A relational antonym is one of a pair of words that refer to a relationship from opposite points of view. There is no lexical opposite of teacher, but teacher and pupil are opposite within the context of their relationship. This makes them relational antonyms. Other examples include: husband&#;: wife, doctor&#;: patient, predator&#;: prey, teach&#;: learn, servant&#;: master, come&#;: go, parent&#;: child.

Auto-antonyms[edit]

An auto-antonym is a word that can have opposite meanings in different contexts or under separate definitions:

See also[edit]

Notes[edit]

  1. ^Incompatibility can be compared to exclusive disjunction in logic.
  2. ^There are four types of entailment useful to lexical semantics:
    • unilateral entailment: It's a fish unilaterally entails It's an animal. (It is unilateral, i.e. one-directional, because It's an animal does not entail It's a fish since it could be a dog or a cat or some other animal.)
    • logical equivalence (or multilateral entailment): The party commenced at midnight entails The party began at midnight AND The party began at midnight also entails The party commenced since both cannot be simultaneously true. On the Aristotelian square of opposition, the A and E type propositions ('All As are Bs' and 'No As are Bs', respectively) are contraries of each other. Propositions that cannot be simultaneously false (e.g. 'Something is red' and 'Something is not red') are said to be subcontraries.
    • contradiction: It's dead entails It's not alive AND It's not alive entails It's dead AND It's alive entails It's not dead AND It's not dead entails It's alive. It's dead and It's alive are said to be in a contradictory relation.
  3. ^Stated differently, if the proposition expressed by the sentence A is &#;X&#; is TRUE, then the proposition expressed by the sentence A is not &#;Y&#; is also TRUE.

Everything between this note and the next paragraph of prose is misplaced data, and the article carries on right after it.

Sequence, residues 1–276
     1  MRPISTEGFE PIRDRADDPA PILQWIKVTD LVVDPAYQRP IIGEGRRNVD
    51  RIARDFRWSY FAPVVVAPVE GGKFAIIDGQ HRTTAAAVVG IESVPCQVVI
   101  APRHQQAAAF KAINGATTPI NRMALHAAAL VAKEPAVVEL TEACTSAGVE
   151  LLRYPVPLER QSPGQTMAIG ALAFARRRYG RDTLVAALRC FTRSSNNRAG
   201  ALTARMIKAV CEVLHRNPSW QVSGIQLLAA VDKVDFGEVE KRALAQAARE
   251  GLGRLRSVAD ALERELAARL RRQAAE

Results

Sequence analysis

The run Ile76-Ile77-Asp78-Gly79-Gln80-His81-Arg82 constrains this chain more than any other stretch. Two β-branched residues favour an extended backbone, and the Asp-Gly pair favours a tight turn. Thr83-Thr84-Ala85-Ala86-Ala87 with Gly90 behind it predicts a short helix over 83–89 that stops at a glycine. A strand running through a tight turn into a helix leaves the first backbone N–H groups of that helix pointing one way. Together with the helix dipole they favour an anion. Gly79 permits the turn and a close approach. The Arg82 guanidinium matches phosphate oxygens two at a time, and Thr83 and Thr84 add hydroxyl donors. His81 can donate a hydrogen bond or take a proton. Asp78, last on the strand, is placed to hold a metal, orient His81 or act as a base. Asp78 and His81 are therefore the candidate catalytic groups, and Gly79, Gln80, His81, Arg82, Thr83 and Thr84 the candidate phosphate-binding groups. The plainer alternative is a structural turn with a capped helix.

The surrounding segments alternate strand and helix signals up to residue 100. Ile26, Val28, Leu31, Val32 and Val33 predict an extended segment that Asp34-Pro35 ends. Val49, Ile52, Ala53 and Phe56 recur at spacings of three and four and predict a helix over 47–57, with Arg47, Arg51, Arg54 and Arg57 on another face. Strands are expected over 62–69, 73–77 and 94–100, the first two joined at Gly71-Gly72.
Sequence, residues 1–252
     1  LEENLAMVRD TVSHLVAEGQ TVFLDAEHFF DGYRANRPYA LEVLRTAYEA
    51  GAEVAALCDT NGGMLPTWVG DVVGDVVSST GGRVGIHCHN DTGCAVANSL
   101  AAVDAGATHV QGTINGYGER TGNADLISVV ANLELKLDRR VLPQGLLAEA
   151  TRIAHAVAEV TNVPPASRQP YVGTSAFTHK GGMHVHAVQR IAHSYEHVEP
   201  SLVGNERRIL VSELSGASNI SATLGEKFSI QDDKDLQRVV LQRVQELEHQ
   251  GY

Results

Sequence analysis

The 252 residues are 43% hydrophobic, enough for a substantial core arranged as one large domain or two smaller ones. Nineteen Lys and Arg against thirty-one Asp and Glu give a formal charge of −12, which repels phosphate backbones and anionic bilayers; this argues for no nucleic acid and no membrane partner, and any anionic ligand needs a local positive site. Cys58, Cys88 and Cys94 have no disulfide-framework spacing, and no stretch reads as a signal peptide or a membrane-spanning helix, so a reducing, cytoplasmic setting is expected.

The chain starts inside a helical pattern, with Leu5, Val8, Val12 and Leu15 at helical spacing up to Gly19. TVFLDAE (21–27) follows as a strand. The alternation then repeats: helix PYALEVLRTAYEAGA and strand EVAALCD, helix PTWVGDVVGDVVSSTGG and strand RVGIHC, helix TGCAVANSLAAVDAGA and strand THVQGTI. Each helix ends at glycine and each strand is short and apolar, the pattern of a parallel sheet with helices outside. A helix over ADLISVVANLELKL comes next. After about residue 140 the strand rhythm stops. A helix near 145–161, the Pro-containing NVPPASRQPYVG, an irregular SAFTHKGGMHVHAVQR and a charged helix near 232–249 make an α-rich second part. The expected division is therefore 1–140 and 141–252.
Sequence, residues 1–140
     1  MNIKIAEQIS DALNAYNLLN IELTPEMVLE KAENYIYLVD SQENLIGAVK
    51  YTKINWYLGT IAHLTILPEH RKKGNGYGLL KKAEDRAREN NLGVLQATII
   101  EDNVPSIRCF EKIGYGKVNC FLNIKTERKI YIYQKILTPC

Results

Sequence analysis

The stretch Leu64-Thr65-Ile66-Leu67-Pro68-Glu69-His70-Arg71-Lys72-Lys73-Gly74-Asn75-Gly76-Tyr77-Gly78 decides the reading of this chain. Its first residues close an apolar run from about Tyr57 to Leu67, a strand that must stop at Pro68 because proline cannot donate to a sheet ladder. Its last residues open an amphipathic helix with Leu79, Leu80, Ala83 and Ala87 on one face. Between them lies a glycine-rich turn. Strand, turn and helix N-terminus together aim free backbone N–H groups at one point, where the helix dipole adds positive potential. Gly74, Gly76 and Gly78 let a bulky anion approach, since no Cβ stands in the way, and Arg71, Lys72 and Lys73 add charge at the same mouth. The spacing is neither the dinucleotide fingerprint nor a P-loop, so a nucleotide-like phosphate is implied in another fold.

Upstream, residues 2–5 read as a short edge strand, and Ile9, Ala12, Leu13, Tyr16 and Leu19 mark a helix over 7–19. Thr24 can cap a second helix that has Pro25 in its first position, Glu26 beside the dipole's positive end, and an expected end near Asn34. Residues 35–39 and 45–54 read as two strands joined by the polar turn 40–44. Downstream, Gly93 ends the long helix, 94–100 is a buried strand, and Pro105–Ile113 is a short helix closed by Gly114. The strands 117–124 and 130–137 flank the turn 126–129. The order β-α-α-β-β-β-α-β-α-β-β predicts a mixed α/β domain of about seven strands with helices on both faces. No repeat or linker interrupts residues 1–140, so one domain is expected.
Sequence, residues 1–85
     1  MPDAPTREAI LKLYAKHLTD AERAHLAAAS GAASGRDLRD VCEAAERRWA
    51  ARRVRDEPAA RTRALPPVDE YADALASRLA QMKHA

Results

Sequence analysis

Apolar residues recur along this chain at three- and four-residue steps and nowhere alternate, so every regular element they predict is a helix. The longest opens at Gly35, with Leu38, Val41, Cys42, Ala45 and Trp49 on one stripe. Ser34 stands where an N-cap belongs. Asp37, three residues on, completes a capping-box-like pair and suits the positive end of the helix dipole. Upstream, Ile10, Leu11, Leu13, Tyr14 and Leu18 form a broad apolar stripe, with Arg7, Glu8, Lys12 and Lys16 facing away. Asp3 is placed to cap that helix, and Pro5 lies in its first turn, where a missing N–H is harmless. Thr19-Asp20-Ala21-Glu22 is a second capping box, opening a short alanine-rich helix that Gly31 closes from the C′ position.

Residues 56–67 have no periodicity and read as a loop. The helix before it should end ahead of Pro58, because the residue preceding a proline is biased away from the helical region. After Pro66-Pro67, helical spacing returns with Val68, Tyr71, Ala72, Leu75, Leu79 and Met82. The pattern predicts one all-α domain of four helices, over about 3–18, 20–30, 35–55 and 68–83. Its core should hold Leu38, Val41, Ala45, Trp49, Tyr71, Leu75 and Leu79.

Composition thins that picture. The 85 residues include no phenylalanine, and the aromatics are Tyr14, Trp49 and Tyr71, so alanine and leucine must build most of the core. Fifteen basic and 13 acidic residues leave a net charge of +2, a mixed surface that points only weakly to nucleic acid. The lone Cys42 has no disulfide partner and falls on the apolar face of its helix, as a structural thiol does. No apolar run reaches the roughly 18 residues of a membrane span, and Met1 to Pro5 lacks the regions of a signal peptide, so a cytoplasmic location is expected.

4. ^It is assumed here that it has the same referent.
  5. ^It is also assumed here the reference point of comparison for these adjectives remains the same in both sentences. For example, a rabbit might be fast compared to turtle but slow compared to a sport car. It is essential when determining the relationships between the lexical meaning of words to keep the situational context identical.

Bibliography[edit]

  • Aarts, Bas; Chalker, Sylvia; Weiner, Edmund (), The Oxford Dictionary of English Grammar, Oxford University Press, p.&#;80, ISBN&#;
  • Crystal, David. (). A dictionary of linguistics and phonetics (5th ed.). Malden, MA: Blackwell Publishing.
  • Cruse, D. Alan. (). Lexical semantics. Cambridge: Cambridge University Press.
  • Cruse, D. Alan. (). Antonymy revisited: Some thoughts on the relationship between words and concepts. In A. J. Lehrer & E. F. Kittay (Eds.), Frames, fields, and contrasts: New essays in semantic and lexical organization (pp.&#;–). Hillsdale, NJ: Lawrence Erlbaum Associates.
  • Cruse, D. Alan. (). Paradigmatic relations of exclusion and opposition II: Reversivity. In D. A. Cruse, F. Hundsnurscher, M. Job, & P.-R. Lutzeier (Eds.), Lexikologie: Ein internationales Handbuch zur Natur und Struktur von Wörtern und Wortschätzen: Lexicology: An international handbook on the nature and structure of words and vocabularies (Vol. 1, pp.&#;–). Berlin: De Gruyter.
  • Cruse, D. Alan. (). Meaning in language: An introduction to semantics and pragmatics (2nd ed.). Oxford: Oxford University Press.
  • Cruse, D. Alan; & Togia, Pagona. (). Towards a cognitive model of antonymy. Journal of Lexicology1,